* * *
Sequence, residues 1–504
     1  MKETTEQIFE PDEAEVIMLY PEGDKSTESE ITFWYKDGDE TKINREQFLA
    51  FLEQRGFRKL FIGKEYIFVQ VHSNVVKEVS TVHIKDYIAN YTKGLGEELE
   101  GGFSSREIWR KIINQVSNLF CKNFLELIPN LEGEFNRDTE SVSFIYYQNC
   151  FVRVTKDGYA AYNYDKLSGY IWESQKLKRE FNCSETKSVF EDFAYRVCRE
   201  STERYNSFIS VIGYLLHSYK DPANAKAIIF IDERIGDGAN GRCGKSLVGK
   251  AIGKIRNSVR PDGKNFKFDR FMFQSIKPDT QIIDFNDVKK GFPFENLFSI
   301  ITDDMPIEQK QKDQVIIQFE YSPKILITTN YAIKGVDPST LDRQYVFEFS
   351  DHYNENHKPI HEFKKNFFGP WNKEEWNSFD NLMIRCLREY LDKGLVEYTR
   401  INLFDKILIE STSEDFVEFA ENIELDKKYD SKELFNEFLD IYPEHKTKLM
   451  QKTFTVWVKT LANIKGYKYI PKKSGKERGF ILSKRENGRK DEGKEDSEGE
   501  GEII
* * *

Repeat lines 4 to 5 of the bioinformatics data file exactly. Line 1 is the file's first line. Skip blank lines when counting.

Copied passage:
   101  GGFSSREIWR KIINQVSNLF CKNFLELIPN LEGEFNRDTE SVSFIYYQNC
   151  FVRVTKDGYA AYNYDKLSGY IWESQKLKRE FNCSETKSVF EDFAYRVCRE